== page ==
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is right to property is a fundamental right in india

Law Student

Is right to property is a fundamental right in india.

if yes, plz provide the related document or in which section.

 

regds

DS

 
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Law Student

Dear peers,

Is right to property is a fundamental or constitutional right in india.

and Is peaceful existence is a fundamental or constitutional right in india

if yes, plz provide the related document or in which section.


regds

DS

 
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Advocate/Legal Consultant (rpchughadvocatesupremecourt@hotmail.com)

Right to property is not a fundamental right anymore post - 1976 (42nd Amendment to the Constitution). It is just a constitutional right under article 300A (earlier it was 19(i)(f) - hence on a lower pedestal than the fundamental rights. Being a FR Earlier it could be curtailed only via reasonable restrictions. Now it can be defeated on much larger grounds. Right to property is never a fundamental right in socialist constitutions which envisage the value of equitable distribution of wealth. However due to dominance of the rich class in the constituent assembly it was included in the list of FRs. However soon after the constitution came into force - right to property turned out to be a obstacle in achieving the socialist principles given in Directive Principles, and out of this tussle came out the doctrine of basic structure.

Coming back to right to property it being only a legal right - can be curtailed on a large number of grounds land acquisition etc being one of many.  


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I would like to slightly disagree with the opinion of Adv. Chugh on this matter. The due process has firmly become a part of Indian Constitutional law. Whether a fundamental right is guaranteed or not cannot be determined by the fact that it is explicitly enumerated or not in the Part III of the Constitution. It has to be determined by following due process regardless of its explicit enumeration in Part III.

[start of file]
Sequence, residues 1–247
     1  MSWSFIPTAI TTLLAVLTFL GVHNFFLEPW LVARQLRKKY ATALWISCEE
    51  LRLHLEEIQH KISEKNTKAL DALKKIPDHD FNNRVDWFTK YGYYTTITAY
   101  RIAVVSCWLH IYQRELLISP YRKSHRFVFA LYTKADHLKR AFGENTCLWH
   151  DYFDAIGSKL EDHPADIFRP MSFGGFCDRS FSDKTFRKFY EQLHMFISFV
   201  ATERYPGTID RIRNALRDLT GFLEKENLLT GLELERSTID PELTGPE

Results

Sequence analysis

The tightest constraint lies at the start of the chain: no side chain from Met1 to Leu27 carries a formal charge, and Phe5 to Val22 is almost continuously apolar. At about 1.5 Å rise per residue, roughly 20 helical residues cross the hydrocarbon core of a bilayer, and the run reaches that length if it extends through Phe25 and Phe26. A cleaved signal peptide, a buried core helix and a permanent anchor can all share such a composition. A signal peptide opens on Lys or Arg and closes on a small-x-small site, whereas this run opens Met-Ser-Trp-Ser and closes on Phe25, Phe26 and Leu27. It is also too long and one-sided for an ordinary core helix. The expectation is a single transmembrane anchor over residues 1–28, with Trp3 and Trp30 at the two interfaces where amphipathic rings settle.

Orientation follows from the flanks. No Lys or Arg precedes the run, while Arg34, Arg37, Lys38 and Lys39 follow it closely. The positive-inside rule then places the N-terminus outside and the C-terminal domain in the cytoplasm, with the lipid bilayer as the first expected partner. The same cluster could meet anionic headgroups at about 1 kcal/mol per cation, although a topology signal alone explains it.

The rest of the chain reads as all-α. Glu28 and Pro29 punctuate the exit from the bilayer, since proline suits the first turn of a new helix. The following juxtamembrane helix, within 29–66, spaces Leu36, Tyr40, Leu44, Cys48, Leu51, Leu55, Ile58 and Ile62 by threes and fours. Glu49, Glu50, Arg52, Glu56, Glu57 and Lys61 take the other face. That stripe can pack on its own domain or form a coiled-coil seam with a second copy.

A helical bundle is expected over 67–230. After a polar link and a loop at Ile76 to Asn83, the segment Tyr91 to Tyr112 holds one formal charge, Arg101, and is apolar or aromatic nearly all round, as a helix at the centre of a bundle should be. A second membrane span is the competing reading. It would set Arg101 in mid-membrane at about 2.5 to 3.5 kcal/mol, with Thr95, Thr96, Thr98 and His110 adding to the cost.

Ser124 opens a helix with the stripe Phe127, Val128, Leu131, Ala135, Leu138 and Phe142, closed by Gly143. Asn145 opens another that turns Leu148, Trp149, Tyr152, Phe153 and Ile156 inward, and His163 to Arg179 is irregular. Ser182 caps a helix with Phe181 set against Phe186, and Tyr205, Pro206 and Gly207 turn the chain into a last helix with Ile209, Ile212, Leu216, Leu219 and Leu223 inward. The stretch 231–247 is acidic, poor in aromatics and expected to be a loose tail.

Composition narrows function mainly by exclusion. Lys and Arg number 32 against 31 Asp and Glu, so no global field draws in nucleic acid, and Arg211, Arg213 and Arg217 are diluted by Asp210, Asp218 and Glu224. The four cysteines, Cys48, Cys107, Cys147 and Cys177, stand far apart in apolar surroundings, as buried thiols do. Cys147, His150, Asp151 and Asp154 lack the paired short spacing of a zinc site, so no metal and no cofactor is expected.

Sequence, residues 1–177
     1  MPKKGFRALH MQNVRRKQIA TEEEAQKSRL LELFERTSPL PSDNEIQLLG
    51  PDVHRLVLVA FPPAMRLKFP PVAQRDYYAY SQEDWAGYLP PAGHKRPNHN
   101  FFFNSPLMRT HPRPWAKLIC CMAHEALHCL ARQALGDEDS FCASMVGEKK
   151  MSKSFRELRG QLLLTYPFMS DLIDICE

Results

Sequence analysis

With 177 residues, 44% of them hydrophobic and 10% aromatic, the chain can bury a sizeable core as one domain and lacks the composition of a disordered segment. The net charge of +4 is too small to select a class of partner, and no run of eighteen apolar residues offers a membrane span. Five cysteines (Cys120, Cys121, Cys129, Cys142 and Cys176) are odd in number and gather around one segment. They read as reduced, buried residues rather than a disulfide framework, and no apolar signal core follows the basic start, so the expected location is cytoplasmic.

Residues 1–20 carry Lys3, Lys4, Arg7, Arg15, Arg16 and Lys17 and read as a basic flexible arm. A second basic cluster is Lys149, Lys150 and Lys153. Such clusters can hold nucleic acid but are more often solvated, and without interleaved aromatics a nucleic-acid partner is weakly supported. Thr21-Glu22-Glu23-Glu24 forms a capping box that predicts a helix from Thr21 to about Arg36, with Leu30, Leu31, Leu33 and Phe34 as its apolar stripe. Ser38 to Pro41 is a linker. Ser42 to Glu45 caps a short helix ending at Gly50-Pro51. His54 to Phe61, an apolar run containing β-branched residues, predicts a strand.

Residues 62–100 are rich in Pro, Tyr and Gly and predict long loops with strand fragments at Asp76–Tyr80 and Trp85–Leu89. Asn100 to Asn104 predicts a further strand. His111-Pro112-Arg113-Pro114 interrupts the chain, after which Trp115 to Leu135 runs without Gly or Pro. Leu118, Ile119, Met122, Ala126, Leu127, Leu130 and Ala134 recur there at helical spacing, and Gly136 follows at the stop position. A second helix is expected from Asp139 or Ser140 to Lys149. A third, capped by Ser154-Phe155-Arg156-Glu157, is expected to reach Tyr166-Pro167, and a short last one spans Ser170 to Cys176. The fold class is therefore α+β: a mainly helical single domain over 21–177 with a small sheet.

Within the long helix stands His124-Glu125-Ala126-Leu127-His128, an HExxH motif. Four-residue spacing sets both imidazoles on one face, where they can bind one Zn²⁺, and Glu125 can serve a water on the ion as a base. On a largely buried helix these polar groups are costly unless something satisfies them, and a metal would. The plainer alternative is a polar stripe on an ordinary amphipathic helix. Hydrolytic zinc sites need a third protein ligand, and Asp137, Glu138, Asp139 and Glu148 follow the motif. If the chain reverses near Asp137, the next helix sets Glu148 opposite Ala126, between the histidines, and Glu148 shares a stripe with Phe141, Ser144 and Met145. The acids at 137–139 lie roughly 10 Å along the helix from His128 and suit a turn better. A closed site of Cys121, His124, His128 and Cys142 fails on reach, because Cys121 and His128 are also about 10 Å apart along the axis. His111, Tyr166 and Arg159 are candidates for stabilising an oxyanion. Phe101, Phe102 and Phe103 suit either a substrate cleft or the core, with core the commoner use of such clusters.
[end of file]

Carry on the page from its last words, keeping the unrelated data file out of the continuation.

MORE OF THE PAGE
The rights under Articles 19 are emnanting from Article 21. The explicit enumeration of right to property under Article 300A or removal of explicit enumeration of right under Article 19(1)(f) does not extinguish the same right under Article 21. Sections 96 to 106 IPC are nothing but corrolary to Article 21. Under Section 103 one can even cause death in defense of his property. How is this possible unless Section 103 IPC is in confirmation with right to property under Article 21?


This matter has been earlier discussed here http://www.lawyersclubindia.com/forum/Sc-right-to-property-is-a-human-right-44986.asp

These two Supreme Court judgements have been reported in the media. I have tried searching Supreme Court website but was not able to locate them. If anyone could find these judgments:


1) http://www.indianexpress.com/news/sc-right-to-property-now-a-human-right/365463/


2) http://www.tribuneindia.com/2011/20111005/main6.htm

 
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right to property is not fundamental right in india it is just like any other right.

 
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UNEMPLOYED

Mr Chugh is perfect.

 

It is a constitutional right u/a 300a.

 

One can pray u/a 300a C.O.I., if the right is violated, not u/a 32 or 226 of C.O.I.

 
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Interpretation of the Constitution has to be done with proper due process following logic, reasoning and facts.


Please note the following facts: